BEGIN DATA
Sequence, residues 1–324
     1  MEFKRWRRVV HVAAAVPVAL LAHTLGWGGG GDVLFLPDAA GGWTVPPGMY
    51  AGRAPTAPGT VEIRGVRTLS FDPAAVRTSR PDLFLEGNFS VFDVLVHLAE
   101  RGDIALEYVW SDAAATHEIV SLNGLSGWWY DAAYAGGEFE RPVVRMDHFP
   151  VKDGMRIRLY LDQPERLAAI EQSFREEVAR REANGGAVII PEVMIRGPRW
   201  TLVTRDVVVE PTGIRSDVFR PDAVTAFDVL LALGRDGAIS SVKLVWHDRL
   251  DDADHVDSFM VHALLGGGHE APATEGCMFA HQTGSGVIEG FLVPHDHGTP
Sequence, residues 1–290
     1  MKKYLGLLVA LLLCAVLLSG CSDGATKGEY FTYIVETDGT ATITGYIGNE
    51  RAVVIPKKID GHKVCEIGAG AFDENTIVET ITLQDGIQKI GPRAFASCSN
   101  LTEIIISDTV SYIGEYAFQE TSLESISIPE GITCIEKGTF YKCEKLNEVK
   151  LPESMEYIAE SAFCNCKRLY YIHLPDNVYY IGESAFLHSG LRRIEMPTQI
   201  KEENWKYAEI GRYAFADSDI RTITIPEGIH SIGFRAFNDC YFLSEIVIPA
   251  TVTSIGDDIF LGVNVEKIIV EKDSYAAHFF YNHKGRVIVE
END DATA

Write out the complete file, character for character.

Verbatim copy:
Sequence, residues 1–324
     1  MEFKRWRRVV HVAAAVPVAL LAHTLGWGGG GDVLFLPDAA GGWTVPPGMY
    51  AGRAPTAPGT VEIRGVRTLS FDPAAVRTSR PDLFLEGNFS VFDVLVHLAE
   101  RGDIALEYVW SDAAATHEIV SLNGLSGWWY DAAYAGGEFE RPVVRMDHFP
   151  VKDGMRIRLY LDQPERLAAI EQSFREEVAR REANGGAVII PEVMIRGPRW
   201  TLVTRDVVVE PTGIRSDVFR PDAVTAFDVL LALGRDGAIS SVKLVWHDRL
   251  DDADHVDSFM VHALLGGGHE APATEGCMFA HQTGSGVIEG FLVPHDHGTP
Sequence, residues 1–290
     1  MKKYLGLLVA LLLCAVLLSG CSDGATKGEY FTYIVETDGT ATITGYIGNE
    51  RAVVIPKKID GHKVCEIGAG AFDENTIVET ITLQDGIQKI GPRAFASCSN
   101  LTEIIISDTV SYIGEYAFQE TSLESISIPE GITCIEKGTF YKCEKLNEVK
   151  LPESMEYIAE SAFCNCKRLY YIHLPDNVYY IGESAFLHSG LRRIEMPTQI
   201  KEENWKYAEI GRYAFADSDI RTITIPEGIH SIGFRAFNDC YFLSEIVIPA
   251  TVTSIGDDIF LGVNVEKIIV EKDSYAAHFF YNHKGRVIVE